They did not lack reasons for complaining, but we can hardly believe that they complained that life was better for them in Egypt.
Not the slavery, not the oppression, not the struggle to remain alive – all these were effaced from their memory. What they did remember was the fish they ate, the cucumbers, the melons, the leeks, the onions and the garlic (Num. 11:5-6).
Maybe this is the origin of Bialik’s story, “The Knight of Onions and Garlic”. Here they were, hardly weeks away from the house of bondage, and they were Knights of Onions and Garlic.
Whether their rations in Egypt were really so delectable is sheer romanticising and selective memory.
But they were the prototype of many later generations.
Nostalgia for a past that was actually dismal led many people to sigh for their mother’s gefilte fish and their grandmother’s chicken soup. It all gives nostalgia a bad name
To my shame I recall a version of culinary nostalgia from my childhood. I am ashamed, not because I was the one concerned but because I said nothing when my shule neighbour told someone on first day Pesach, “Thanks for the Seder last night. The matzah balls were amazing!”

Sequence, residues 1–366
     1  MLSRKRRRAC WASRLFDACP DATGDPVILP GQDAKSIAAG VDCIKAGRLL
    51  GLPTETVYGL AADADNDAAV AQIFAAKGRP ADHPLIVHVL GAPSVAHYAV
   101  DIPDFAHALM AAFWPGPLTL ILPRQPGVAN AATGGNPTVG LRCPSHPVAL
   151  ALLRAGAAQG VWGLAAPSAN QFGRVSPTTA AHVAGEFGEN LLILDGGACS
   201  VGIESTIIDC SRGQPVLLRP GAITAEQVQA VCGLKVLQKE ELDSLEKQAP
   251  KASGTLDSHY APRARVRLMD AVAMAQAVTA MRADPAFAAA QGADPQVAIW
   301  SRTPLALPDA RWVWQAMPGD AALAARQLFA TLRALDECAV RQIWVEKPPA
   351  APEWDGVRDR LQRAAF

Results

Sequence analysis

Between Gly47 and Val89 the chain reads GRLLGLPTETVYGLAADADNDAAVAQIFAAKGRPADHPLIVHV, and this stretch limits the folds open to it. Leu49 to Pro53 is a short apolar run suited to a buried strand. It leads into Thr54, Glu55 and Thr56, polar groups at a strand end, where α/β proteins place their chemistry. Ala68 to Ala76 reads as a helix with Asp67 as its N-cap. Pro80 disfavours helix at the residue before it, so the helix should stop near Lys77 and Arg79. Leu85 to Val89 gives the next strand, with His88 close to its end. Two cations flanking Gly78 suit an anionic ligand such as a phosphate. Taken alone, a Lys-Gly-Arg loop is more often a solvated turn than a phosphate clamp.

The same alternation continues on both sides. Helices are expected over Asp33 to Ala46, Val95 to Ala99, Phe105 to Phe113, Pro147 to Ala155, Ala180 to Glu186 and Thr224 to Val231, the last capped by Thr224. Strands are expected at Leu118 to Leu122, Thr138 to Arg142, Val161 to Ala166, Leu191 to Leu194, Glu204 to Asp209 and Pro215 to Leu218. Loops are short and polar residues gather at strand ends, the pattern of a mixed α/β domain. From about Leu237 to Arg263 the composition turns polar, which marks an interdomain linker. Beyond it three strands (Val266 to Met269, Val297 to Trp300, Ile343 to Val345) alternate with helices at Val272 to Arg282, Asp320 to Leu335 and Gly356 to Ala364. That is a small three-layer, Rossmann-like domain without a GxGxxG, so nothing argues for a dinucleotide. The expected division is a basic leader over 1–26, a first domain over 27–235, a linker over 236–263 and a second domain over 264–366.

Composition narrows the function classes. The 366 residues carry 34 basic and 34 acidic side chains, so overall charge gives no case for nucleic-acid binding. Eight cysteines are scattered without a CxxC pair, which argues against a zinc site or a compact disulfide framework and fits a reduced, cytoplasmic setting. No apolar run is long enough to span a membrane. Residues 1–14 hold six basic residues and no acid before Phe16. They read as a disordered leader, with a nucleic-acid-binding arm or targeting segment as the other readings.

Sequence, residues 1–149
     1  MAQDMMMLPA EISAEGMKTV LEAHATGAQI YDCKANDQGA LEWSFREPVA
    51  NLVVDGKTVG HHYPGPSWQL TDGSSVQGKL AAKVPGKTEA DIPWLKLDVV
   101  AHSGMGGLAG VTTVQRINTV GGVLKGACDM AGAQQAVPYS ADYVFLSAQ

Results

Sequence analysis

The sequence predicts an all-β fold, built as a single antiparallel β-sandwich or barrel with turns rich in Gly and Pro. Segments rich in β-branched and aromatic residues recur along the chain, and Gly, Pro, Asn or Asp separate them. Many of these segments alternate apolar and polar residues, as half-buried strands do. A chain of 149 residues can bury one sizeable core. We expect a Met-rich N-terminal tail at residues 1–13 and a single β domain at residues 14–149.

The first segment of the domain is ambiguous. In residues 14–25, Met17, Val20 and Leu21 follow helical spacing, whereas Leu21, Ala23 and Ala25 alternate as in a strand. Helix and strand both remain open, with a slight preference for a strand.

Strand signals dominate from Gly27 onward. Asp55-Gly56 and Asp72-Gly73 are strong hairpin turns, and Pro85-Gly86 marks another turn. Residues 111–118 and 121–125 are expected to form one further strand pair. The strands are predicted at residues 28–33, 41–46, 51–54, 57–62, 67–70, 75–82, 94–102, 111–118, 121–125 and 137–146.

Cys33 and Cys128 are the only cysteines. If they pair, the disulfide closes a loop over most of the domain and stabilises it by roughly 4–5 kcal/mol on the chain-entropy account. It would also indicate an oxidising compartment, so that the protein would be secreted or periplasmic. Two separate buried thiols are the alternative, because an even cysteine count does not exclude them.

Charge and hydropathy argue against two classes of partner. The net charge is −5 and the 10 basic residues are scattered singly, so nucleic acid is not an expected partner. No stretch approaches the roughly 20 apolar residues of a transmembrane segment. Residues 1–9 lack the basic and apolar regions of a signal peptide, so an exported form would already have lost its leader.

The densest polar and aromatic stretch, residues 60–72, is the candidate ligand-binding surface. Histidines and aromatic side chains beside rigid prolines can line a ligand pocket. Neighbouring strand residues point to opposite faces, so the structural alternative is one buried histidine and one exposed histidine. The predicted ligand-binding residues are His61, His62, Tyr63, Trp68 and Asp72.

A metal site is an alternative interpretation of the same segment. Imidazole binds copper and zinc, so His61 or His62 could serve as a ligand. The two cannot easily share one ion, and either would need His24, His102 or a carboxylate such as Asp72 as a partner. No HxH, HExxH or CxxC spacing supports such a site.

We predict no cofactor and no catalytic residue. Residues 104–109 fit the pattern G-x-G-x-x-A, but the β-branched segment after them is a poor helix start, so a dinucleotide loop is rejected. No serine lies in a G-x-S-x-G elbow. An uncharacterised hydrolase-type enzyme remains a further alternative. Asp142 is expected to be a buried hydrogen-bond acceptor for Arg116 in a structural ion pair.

Is that really what the Seder is all about – the kneidlach and cinnamon balls?
These days I would have chimed in – even though it would have meant interrupting other people’s conversation – “And how about the songs? The table talk? The drama of the story? The gift of being free and able to be Jewish without fear or embarrassment?”
Maybe I would have been impudent to chime in when others were talking, and maybe I would have been wrong. But we can learn a lesson from the matzah-ball episode and certainly from our ancestors’ yearning for fish and cucumbers.
If you are going to remember, and you should, then be in control of your memory, and remember the things that really deserve to be remembered.